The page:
The various configurations of the CBC for Delta IV doesn't seem to be very common compared to the CCB for Atlas V.

Online kevin-rf

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Re: Atlas V and Centaur Q&A
« Reply #54 on: 02/09/2007 03:47 PM »
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bombay - 9/2/2007  10:39 AM
I suspect if mega funds are going to be invested in something, it will be (and should be) in the U.S. development of the RD-180 given the recent events of Sea Luanch and the potential impact on Atlas V.

Your assuming the RD-171 is at fault, Chris hinted in the Sea Launch thread it might be something else.
I just saw some idiot at the gym put a water bottle in the pringles holder on the treadmill.

Offline bombay

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Re: Atlas V and Centaur Q&A
« Reply #55 on: 02/09/2007 04:10 PM »
"When working with thin material lap welding has numerous advantages. First layup accuracy can be greatly relaxed. With a butt weld of 0.08 or thinner material any offset will greatly affect the joint strength. On the other hand with lap welding, the overlap is measured in many tenths of inches or more. Secondly, with the lap weld one can have multiple parallel welds. These two benefits have been used for almost 5 decades on the Atlas and Centaur tanks using CRES (steel) on material thicknesses ranging from 0.013 to ~0.04."

Yes, the current Centaur has lap joints with parallel running rows of welds.  The big difference is that the stainless rows of welds, except the row that seals the joint, are not continuously running.  Also the resistance welding process is used.  So from a structural integrity perspective, the material efficiency in the spotweld rows is not greatly affected and properly spaced spots in shear are very efficient and strong.  The same can not be said for lap joint in shear with continuously running buttwelds.

In addition, the mock analysis that I did a few posts ago was incorrect, I used 12 ft as the tank diameter instead of 17.5 ft.  So the m.s. would be -0.67 ultimate not -0.05.  The point of this is that .080" thick wall appears to be the thickness needed to produce a .94 mass fraction rather than what is actually needed to provide structural integrity.  Something in the neighborhood of .150" thick or more would be the more appropriate thickness needed to provide positive margins.    

Offline Kayla

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Re: Atlas V and Centaur Q&A
« Reply #56 on: 02/09/2007 05:38 PM »
We did not set off to develop a 0.94 mass fraction vehicle.  We calculated what it took to carry the loads, pressure and structural, for the missions that we were expecting to fly.  For a purely in-space stage that is carried aloft in the PLF 0.04" is adequate.  For an upper stage that also needs to carry a PLF and Payload 0.08" is what was required.  From this we calculated a stage weight, hence the final result.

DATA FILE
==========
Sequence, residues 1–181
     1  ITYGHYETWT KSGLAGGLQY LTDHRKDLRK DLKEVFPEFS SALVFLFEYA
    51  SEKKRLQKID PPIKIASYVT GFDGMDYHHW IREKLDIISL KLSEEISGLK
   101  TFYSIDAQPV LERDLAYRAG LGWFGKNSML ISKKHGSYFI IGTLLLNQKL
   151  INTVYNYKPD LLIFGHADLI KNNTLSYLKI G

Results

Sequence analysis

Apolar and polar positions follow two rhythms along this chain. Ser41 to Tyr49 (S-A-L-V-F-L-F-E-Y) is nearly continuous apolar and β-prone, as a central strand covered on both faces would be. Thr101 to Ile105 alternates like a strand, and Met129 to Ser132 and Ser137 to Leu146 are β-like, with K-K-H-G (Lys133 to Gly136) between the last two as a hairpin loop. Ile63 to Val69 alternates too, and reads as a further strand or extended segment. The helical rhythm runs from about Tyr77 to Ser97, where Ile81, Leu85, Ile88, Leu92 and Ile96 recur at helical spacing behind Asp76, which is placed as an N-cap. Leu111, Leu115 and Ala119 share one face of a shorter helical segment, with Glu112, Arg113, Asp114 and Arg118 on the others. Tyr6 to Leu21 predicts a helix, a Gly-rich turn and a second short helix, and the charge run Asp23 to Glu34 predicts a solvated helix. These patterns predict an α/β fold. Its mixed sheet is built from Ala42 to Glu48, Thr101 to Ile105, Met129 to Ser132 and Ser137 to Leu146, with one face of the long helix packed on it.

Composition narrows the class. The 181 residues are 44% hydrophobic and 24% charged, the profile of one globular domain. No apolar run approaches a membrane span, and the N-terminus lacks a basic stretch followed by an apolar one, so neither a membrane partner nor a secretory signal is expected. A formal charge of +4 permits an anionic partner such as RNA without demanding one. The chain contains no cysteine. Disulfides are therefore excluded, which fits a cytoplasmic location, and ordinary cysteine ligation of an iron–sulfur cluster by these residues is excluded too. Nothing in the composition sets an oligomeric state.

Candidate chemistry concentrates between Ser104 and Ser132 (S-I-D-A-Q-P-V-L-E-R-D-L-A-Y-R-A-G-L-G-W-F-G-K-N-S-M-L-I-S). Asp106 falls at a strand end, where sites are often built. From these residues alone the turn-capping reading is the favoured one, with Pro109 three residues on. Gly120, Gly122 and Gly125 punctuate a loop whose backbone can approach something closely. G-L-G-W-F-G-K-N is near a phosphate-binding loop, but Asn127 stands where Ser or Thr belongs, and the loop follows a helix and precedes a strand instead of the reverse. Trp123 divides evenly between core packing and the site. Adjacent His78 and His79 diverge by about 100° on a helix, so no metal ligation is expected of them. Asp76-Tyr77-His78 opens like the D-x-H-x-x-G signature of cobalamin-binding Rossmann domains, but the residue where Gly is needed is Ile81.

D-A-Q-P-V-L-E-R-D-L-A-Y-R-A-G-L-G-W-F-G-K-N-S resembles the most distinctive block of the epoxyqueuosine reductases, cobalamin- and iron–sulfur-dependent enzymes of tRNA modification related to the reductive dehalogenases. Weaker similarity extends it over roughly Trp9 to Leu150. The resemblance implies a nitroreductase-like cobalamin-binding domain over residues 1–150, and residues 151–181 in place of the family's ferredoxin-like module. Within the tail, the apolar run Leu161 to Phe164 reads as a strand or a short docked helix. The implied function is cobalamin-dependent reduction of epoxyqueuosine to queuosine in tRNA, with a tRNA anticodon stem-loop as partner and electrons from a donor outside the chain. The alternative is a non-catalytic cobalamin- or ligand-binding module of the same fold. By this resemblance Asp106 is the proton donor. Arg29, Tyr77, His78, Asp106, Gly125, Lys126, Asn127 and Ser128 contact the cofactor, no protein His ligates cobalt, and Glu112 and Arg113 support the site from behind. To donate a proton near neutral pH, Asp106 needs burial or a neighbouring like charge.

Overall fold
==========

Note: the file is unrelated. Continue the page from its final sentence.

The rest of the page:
Offline jongoff

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Re: Atlas V and Centaur Q&A
« Reply #57 on: 02/09/2007 05:44 PM »
Bombay,
Quote
In addition, the mock analysis that I did a few posts ago was incorrect, I used 12 ft as the tank diameter instead of 17.5 ft.  So the m.s. would be -0.67 ultimate not -0.05.  The point of this is that .080" thick wall appears to be the thickness needed to produce a .94 mass fraction rather than what is actually needed to provide structural integrity.  Something in the neighborhood of .150" thick or more would be the more appropriate thickness needed to provide positive margins.

While you might be right, I'm kinda doubtful myself.  The guys studying the WBC have been doing manufacturing development work on the FSW joints for a couple of years now.  I would assume that they can tell how thick the thing needs to be with adequate margins by now.  Typically, if my back of the envelope calculations are a factor of two off from something that you can only assume have had many engineer months or years put into them, I assume that I made a math error, or that there's something subtle that I'm missing.

Now, on the other hand, asking questions and picking their brains to see if they'll let you on to what that math error might be, or what subtlety you might be missing is of course both fair game and a good idea.

~Jon

Offline bombay

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Re: Atlas V and Centaur Q&A
« Reply #58 on: 02/09/2007 08:27 PM »
With $800M or so (assumed) worth of development work to be done on the WBC, I wouldn't anticipate that too much analytical work went into the initial concept.  

The fact is that the WBC joints were mentioned to be a lap joints.  What I'm presenting, using "assumed" pressure loads as I implied, is based soley on standard mechanics of materials principles for a thin-walled pressurized cylinder with the relevant failure mode for a welded lap joint in tension being shear - nothing more than that!!  
 
FSW lap joints have only been recently proven, unlike buttwelded joints.

Offline bombay

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Re: Atlas V and Centaur Q&A
« Reply #59 on: 02/09/2007 08:41 PM »
"We did not set off to develop a 0.94 mass fraction vehicle. We calculated what it took to carry the loads, pressure and structural, for the missions that we were expecting to fly. For a purely in-space stage that is carried aloft in the PLF 0.04" is adequate. For an upper stage that also needs to carry a PLF and Payload 0.08" is what was required. From this we calculated a stage weight, hence the final result."

My computer is acting all goofy, so I have to reply this way rather than the normal way - Sorry!

Anyway, I got the .94 "goal" from the paper that I believe you (Kayla) attached, where it showed it as a goal in one of the charts.  

You mentioned before that the WBC would benefit from increased propellant loading.  What pressures in the tank are we talking about?  Just a ballpark figure!